• Study rooms will be single occupancy only. Library patrons must use masks in study rooms and keep doors open for proper ventilation. You can reserve a study room through the online reservation system. We encourage study groups to meet on Zoom or other online platforms. If you need a space to do in-person group work, you many use rooms 114 and 114A. The furniture is set up for groups to work while maintaining proper distances.
  • The ground floor and 1st floors of Ellis Library have been designated as “quiet conversation allowed” for library users, including students who need to attend their online classes in the library. The 2nd, 3rd and 4th floors are designated as quiet study space.
  • The west stacks are closed. To request books or other items, please place an online request and the library will retrieve them for you.
  • Library materials may be quarantined when they are returned, and the items may stay on your library account during that time. No fines will be assessed for items that are in quarantine.
  • Food and drink will only be allowed on the ground floor of the library. Masks must be worn on the ground floor unless the user is actively eating or drinking.
  • DigiPrint services has moved out of Ellis Library and is now located in MU Student Center Room 1212A

Library personnel will carefully assess how the new service models are working and will determine whether services can be gradually scaled up or, conversely, whether conditions will require a return to delivering more services remotely. For the latest information on library services and hours, visit library.missouri.edu. You may also subscribe to one of our weekly email newsletters to stay up to date.

Additional Information Regarding Specialized Libraries
Zalk Veterinary Medical Library

J. Otto Lottes Health Sciences Library

Engineering Library and Technology Commons

Journalism Library

Five Must-Read Poetry Books

From Milk and Honey to Robert Frost, what are your thoughts about poetry? It tends to be one of those genres that stirs a lot of debate. You either love it or hate it. I think poetry gets a reputation that it doesn’t deserve. Sure, there are a lot of poetry books out there that are not worth my recommendation, but with every not-so-good collection, you also have a great one. So, this month for National Poetry Month, I’m counting down the top five must-read poetry books that you can find at your Mizzou libraries! This list contains recommendations perfect for fans of the classics, fans of contemporary, or just readers who don’t know where to begin. Be sure to check out one of these books before April ends!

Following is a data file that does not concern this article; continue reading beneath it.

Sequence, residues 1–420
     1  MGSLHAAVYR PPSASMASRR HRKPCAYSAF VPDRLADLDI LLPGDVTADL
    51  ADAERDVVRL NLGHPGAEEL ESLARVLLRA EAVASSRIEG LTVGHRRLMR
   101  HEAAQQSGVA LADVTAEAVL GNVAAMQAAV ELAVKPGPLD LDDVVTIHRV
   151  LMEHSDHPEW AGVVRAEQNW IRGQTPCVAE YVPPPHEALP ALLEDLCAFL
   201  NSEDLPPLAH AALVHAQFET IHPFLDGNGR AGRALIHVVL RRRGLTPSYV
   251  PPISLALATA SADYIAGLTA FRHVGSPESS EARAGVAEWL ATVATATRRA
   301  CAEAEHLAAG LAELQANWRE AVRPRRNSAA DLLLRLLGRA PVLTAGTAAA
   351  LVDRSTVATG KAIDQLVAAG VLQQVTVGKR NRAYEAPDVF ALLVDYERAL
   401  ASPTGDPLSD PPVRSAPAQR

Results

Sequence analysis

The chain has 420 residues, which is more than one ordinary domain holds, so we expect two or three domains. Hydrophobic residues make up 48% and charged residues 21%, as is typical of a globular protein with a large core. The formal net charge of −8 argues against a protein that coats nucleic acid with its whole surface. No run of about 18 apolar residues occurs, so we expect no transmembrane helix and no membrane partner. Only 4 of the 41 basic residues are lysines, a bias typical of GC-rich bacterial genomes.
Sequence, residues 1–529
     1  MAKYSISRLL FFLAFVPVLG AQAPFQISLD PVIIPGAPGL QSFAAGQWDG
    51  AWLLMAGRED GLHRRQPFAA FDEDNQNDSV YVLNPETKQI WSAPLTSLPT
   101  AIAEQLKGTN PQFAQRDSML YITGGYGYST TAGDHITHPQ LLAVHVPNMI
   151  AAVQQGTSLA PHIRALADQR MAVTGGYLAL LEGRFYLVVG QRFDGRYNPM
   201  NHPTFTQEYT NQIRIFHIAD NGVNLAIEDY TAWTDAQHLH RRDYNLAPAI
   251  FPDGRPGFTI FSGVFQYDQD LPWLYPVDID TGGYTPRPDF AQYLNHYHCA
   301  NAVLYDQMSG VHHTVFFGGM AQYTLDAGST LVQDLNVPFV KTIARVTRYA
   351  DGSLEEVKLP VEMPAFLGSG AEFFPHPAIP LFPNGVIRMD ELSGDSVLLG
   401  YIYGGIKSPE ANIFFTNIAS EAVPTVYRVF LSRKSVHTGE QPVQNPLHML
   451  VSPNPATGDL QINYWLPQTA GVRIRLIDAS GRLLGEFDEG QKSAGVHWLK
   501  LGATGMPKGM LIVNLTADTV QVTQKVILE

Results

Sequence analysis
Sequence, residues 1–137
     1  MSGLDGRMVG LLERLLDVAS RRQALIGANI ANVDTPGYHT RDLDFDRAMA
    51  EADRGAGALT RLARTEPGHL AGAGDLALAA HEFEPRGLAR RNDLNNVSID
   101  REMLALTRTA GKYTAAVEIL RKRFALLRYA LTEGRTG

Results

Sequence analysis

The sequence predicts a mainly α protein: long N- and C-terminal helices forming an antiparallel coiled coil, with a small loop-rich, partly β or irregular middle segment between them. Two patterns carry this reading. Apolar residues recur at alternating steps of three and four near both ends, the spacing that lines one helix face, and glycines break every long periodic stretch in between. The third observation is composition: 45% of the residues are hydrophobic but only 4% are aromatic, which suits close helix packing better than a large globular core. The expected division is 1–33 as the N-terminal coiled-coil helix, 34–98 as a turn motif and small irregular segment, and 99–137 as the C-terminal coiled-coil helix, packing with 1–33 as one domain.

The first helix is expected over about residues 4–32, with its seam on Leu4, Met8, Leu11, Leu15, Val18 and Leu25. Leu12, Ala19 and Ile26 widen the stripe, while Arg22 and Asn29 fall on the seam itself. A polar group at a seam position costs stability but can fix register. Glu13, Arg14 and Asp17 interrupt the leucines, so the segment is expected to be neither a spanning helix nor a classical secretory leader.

Crush, Richard Siken

The 2004 winner of the Yale Younger Poets Prize, Crush, is an impressive collection of poems centering around the obsession that can come from being in love. Siken is a master at his craft and an expert at capturing vulnerability to its core, as he creates a series of work that leaves you feeling every raw emotion written on the page. This collection is filled with yearning, heartbreak, and violent imagery that will stay with you long after you finish and is a must-read for lovers of more popular and contemporary poetry.



Envelope Poems, Emily Dickinson

Envelope Poems is a collection of work from legendary poet Emily Dickinson written on the actual scraps of paper she originally wrote on! Since Dickinson has only a small amount of her work published, this book is filled with beautiful poems that give the reader the ability to escape into Dickinson’s mind and witness her exact scribbles of these poems. This is an excellent collection for beginners or readers who are intimidated by classics and is a fascinating binding of Dickinson’s work that will leave you marveling at her envelope poems. 



Native Guard, Natasha Tretheway

2007 Pulitzer Prize winner Native Guard is a story that honors Natasha Tretheway’s mother’s life as well as her childhood. This book of poetry is heartbreaking and sometimes troubling to read as Tretheway confronts the racial history of the South and the story of one of the first black regiments, the Native Guard, who were called to serve in the Civil War. Natasha Tretheway is a natural writer, composing poems that leave the reader feeling heartbroken and impacted by her words. This is a must-read collection for those looking for poems that will leave a lasting impression!



The Complete Collected Poems of Maya Angelou, Maya Angelou

In her lifetime, Maya Angelou left her mark on the world by capturing the most vulnerable feelings of being human and putting them into words. Discussing topics from the African American experience to womanhood to the trials and tribulations of love and pain, Angelou inspired and healed her readers with her poems. This is a stunning collection filled with all of Angelou’s most powerful and prominent poems like “Still I Rise” and “On the Pulse of Morning” and is a must-read for fans or readers looking for a beautiful collection of poetry to try out!


Ariel: The Restored Edition, Sylvia Plath